They were standing within a quiet forest glade. As his eyes lifted to the horizon, he confirmed that there was no human habitat within sight. The land was still very wild and untouched here.

The planet’s call was unmistakable. It swelled within his mind.

Distracted, Ben could do nothing more than state the obvious, “I guess we’re not in Mysidia.”

“Really? How could you tell?” the Sage’s sarcasm was as sharp as the slits of his eyes.

“Hey! Hey! Hey!” a tiny voice piped up defensively. “Go easy, old man!”

Ben could feel the weight at his back shift as the top of his pack lifted open. A small, cat-like face popped out of the bag, leaning his chin on Ben’s shoulder. Bright yellow eyes darted around with tenfold curiosity. Tufted ears twitched at every living sound. Silver strung whiskers were trembling with delight.

“Nodd, be careful not to fall out, okay?” Ben warned him quietly.

Though he looked like a strange variation of a common household cat, nothing was further from the truth. Nodd was a Kitt, a child of the nearly extinct Hummingway clan. Through a twist of events, he ended up in Ben’s care, much to FuSoYa’s irritation.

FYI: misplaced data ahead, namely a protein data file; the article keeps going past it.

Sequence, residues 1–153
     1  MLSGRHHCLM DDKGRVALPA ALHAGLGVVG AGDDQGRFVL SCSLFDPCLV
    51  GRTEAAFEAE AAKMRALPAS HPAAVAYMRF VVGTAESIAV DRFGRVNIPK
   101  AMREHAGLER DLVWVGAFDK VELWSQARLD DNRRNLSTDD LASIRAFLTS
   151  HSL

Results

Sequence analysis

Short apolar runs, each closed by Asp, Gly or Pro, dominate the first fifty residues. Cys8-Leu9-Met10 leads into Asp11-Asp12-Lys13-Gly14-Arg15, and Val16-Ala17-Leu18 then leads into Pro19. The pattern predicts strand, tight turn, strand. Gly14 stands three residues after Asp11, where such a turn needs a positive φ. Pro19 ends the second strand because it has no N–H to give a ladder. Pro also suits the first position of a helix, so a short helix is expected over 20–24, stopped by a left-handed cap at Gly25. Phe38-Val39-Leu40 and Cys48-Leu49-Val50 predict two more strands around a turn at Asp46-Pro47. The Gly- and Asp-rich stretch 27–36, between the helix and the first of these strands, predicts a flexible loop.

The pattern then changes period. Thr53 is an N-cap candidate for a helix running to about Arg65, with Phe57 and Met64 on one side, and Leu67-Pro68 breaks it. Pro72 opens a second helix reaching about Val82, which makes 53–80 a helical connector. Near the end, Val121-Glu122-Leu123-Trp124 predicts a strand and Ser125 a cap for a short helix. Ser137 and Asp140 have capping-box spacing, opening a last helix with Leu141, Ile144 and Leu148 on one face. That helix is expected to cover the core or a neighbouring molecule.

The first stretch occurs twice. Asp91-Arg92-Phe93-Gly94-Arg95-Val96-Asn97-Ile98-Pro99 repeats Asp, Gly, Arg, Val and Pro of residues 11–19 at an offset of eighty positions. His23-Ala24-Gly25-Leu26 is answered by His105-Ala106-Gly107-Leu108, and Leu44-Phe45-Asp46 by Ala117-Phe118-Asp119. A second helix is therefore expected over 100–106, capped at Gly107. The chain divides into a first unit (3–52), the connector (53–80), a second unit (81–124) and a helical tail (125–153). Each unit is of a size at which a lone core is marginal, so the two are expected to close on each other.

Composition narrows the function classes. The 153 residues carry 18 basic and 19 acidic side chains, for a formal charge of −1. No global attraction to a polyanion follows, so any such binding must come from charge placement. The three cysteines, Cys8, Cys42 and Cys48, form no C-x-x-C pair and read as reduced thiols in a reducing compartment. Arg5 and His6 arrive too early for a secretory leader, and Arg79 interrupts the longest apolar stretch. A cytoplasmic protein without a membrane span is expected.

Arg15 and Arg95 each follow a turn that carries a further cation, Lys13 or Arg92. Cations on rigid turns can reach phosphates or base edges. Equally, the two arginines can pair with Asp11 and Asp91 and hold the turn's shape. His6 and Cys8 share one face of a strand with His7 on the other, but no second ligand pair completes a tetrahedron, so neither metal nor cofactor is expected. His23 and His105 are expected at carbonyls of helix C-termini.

“Did you really have to bring the nuisance along?” the High Sage grumbled.

“He wanted to see the Blue Planet. What’s wrong with that?” Ben responded solidly.

“So the stories are all true,” Nodd purred to himself. “The sky here is blue!”

“Well, he will certainly see a lot more of it than we planned,” FuSoYa frowned.

“You act as if it’s something that can’t be fixed.”

“I do not see anything being done about it. It is not as if we have a whole lot of time. Yes?”

Ben froze, a chill rippling over his body. He had been so lost in the strange flow of power from the Blue Planet that he momentarily forgot why they were there.

“I know. I know. Just give me a moment. I’ll have us back on track,” the Half-Lunar frowned.

He began to rummage around in all the different pockets along the inside of his vest, his cloak, his trousers… then finally his pack. After checking twice, Ben victoriously pulled out a small, flat object. It was round and solid, just the right size to fit in the palm of his hand. The surface was made of flawless crystal and reflected only a slightly deeper blue shade than the sky.